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Throwback Thursday – Beyond Time

Throwback Thursday - Beyond Time

Throwback Thursday – Beyond Time

Dreamcatcher’s Beyond Time is a lovely first-person game that allows you to travel to ancient Egypt, Tikal, Tibet, and (where else?) Atlantis. It’s a perfect way to spend a few hours of pleasant deja vu.


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Note: Review was first posted October 12, 1999
Release Date: March 1998

One of the nice things about playing adventure games is the chance to vicariously visit locations that are far away, exotic, dangerous, lost in time, or simply nonexistent. Ancient Egypt, Central America, Antarctica, Atlantis, Easter Island, Stonehenge, Mesopotamia, Mars, El Dorado, Shangri-La–you name it, you can probably travel there in a good adventure game. Or even in a bad adventure game. The amusing thing is that after adventure games proliferated in the 80s and 90s, there developed a group of locations that I call “The Greatest Hits.” Exotic locations that, after playing several games, become almost as familiar as home. I imagine the top three fantasy locations in adventure games would have to be the ancient Mayan civilization, Egypt, and Atlantis.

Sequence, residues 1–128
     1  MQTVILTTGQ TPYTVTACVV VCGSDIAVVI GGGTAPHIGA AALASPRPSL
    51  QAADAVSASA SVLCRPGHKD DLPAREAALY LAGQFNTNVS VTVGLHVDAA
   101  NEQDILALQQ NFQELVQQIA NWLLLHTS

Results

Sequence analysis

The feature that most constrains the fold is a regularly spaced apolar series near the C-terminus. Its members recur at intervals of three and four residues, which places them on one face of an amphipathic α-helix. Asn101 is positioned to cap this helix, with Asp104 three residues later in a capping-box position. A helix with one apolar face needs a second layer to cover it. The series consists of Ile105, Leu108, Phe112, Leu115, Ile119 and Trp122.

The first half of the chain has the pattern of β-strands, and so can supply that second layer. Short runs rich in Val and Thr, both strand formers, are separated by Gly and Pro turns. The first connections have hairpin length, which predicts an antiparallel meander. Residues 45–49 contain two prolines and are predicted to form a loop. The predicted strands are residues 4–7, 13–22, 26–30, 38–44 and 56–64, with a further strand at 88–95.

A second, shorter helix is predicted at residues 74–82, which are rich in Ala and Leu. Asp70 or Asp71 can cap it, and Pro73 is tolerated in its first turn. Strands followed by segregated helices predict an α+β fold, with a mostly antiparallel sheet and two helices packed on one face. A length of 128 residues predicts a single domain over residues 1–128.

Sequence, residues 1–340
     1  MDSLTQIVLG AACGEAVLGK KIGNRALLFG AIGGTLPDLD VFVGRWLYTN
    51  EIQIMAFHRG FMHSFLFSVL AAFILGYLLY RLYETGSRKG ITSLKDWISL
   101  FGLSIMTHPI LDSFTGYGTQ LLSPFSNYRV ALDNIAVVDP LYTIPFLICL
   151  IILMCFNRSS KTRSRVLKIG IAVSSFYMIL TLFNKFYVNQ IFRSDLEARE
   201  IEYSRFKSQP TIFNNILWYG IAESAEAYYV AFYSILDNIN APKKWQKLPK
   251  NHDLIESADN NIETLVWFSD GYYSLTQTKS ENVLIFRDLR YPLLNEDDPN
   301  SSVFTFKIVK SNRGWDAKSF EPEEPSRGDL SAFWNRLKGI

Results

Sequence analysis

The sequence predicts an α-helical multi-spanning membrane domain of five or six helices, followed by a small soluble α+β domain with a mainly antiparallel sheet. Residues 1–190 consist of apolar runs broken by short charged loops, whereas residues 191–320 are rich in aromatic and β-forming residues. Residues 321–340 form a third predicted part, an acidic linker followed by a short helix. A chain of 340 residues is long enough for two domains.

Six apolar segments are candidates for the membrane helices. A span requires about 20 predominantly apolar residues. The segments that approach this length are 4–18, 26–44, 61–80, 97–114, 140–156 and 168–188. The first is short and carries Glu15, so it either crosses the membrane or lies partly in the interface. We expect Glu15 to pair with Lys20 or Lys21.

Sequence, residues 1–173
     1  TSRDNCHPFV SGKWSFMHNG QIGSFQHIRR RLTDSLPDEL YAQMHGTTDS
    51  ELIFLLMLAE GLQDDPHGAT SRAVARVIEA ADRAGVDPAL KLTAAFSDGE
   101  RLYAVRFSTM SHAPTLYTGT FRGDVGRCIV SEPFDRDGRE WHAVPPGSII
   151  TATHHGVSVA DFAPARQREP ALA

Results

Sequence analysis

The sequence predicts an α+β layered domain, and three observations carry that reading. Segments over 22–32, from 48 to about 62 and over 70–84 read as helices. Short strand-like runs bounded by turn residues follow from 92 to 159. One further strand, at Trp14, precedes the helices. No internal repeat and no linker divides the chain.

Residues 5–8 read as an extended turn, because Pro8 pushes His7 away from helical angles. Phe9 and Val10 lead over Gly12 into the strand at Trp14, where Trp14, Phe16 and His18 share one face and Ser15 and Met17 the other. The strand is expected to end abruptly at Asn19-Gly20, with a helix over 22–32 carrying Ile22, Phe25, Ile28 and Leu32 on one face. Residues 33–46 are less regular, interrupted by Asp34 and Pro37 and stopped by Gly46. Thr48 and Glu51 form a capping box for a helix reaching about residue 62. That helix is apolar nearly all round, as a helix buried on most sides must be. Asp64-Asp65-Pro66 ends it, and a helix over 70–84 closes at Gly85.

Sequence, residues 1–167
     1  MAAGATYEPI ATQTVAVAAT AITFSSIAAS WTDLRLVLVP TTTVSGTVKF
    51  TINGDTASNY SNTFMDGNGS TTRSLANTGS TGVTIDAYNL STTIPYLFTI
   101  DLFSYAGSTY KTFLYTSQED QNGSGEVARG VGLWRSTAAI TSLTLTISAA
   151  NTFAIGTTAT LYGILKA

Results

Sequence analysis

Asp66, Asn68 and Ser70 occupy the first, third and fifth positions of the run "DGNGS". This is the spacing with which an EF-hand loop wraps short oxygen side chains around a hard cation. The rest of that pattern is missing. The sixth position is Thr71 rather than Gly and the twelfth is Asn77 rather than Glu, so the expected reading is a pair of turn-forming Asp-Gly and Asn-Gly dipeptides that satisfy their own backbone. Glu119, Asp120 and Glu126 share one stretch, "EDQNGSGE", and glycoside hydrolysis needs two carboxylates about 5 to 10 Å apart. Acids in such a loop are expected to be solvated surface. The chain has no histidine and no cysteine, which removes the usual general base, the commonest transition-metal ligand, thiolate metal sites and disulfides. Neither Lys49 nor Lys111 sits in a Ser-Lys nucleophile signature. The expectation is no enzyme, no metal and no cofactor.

The Usual Suspects

Well. Are you in the mood for a mild trek through the Greatest Hits? Feel like time traveling but you’re just a little low energy? Want to visit all of the lovely locations found in Timelapse but just don’t quite feel up to all the hard work that will be involved solving all those pesky puzzles? Have I got the game for you!